Last Stand of the Tallgrass Prairie
Where's the tall grass?
Tallgrass prairie once covered 170 million acres of North America. Within a generation the vast majority was developed and plowed under. Today less than 4% remains, mostly here in the Kansas Flint Hills. The preserve protects a nationally significant remnant of the once vast tallgrass prairie and its cultural resources. Here the tallgrass prairie takes its last stand.
Tour Tallgrass Prairie National Preserve
The preserve offers a wide variety of activities and experiences, such as hiking, fishing, education programs, and ranger-led tours. Enjoy the park!Read More
Kids Farm Animal Day This Saturday
Learn what life was like on an 1880s ranch. You can feed the chickens, milk a goat, curry the horse, and clean stalls. Earn stickers and certificates.Read More
Kids Visit India Using Social Media
As part of National Park Week, local students visit with Range Forest Officer Paresh Porob of the Mhadei Wildlife Sanctuary in India using Facebook.Read More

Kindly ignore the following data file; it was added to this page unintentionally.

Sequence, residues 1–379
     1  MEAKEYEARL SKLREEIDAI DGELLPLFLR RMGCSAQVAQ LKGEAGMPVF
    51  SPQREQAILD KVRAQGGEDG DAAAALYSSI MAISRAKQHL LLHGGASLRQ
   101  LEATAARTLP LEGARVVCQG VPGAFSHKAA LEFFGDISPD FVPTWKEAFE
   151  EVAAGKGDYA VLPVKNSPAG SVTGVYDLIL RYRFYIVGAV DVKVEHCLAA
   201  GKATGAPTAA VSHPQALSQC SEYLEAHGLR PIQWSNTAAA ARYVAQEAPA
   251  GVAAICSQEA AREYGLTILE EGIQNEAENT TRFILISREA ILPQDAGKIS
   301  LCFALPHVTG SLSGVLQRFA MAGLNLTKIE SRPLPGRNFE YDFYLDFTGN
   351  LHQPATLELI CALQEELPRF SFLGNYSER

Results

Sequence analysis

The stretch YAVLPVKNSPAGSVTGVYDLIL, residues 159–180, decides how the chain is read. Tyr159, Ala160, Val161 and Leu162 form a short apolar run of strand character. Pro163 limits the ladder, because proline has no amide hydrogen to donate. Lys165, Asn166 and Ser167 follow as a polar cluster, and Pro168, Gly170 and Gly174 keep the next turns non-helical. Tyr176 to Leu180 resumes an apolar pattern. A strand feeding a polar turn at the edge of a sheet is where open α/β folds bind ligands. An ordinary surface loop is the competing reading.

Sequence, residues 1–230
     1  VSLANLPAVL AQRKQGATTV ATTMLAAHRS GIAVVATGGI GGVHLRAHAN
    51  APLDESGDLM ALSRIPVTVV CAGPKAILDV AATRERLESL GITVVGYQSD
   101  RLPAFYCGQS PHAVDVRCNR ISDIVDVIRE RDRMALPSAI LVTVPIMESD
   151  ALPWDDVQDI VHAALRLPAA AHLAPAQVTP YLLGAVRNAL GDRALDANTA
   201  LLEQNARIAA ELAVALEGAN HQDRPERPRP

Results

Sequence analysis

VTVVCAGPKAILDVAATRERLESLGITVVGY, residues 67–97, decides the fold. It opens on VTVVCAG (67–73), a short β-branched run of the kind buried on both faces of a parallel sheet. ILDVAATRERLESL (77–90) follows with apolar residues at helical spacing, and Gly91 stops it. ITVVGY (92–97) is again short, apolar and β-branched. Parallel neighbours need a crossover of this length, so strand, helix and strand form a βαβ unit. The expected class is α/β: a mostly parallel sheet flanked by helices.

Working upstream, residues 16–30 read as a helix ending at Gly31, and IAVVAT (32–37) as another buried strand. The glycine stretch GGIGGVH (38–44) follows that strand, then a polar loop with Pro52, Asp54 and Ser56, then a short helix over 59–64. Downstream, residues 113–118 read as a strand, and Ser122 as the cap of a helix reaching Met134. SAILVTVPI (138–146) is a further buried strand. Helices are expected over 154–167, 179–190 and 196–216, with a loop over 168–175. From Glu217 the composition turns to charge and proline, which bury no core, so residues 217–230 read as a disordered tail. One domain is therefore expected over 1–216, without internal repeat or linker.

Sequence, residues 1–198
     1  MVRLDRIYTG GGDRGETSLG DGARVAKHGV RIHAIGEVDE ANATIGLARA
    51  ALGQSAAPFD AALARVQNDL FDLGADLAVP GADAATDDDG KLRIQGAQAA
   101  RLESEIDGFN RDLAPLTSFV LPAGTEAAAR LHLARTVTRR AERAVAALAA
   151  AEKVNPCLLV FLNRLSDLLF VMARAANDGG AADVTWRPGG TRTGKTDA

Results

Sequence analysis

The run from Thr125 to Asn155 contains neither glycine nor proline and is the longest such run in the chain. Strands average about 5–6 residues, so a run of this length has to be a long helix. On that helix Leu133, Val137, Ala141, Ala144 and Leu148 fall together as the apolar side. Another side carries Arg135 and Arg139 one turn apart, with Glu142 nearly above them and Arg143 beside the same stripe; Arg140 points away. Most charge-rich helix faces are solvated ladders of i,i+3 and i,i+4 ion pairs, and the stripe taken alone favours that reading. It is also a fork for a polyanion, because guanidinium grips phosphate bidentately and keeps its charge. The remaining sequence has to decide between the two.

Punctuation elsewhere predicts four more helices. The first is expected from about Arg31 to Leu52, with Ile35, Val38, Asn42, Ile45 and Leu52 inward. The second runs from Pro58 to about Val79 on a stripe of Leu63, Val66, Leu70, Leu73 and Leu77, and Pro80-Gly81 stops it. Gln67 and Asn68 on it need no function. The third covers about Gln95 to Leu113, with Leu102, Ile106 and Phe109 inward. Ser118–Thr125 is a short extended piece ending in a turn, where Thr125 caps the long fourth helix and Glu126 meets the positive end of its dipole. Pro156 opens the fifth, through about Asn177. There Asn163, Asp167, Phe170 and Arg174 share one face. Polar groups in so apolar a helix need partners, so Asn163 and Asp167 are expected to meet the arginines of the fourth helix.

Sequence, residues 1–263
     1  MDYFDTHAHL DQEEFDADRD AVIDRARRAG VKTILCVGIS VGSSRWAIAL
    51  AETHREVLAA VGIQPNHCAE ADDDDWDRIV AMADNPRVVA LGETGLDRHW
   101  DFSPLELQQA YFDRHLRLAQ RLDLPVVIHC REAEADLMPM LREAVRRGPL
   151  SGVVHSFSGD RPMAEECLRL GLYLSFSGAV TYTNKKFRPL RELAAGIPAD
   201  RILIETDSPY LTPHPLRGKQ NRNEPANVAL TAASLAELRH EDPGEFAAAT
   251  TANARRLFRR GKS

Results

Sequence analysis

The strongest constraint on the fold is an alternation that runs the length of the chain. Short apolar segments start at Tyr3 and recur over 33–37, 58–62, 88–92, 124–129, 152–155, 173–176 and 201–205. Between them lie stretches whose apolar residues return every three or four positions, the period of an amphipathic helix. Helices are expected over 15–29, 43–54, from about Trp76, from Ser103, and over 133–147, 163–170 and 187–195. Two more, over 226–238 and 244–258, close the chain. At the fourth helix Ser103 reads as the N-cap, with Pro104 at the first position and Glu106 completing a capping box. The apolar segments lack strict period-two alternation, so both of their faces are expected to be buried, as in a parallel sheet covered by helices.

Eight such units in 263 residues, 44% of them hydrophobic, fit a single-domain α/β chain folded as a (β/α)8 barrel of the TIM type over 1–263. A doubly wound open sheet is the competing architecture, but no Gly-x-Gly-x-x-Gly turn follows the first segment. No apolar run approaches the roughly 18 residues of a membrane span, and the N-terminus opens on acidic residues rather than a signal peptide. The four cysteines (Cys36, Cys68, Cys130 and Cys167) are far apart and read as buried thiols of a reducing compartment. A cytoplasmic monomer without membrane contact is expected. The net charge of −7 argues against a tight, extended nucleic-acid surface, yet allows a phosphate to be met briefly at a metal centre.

Eastern National Bookstore at the Preserve
Eastern National has a selection of books covering the tallgrass prairie, cowboys, children's books, and other items to make your visit memorable.Read More
The Bison Herd at the Preserve is Growing
Continue to watch the preserve's bison herd develop. The original 13 head came from Windcave National Park in South Dakota.Read More
Our Address Has Changed
We have moved to our new visitor center and administrative office building. The new address is 2480B Ks Hwy 177, Strong City, KS 66869.Read More
Learn About the Preserve's Natural Resources
The Natural Resource Division works with our partners to monitor the natural environment at the Preserve. Follow the link to learn more.Read More
Student-Designed Quilts Begin National Tour
Over 250 children and adults worked together to tell the untold stories of the National Park Sites in Kansas. The quilts brought together many people.Read More
Did You Know?
Cattle can gain up to 2 pounds per day grazing on the prairie grasses of the Flint Hills. The calcium found in the limestone erodes into the soil, making the prairie plants more nutritious for grazing animals. Cattle grazing is still the main agricultural use of the Flint Hills today.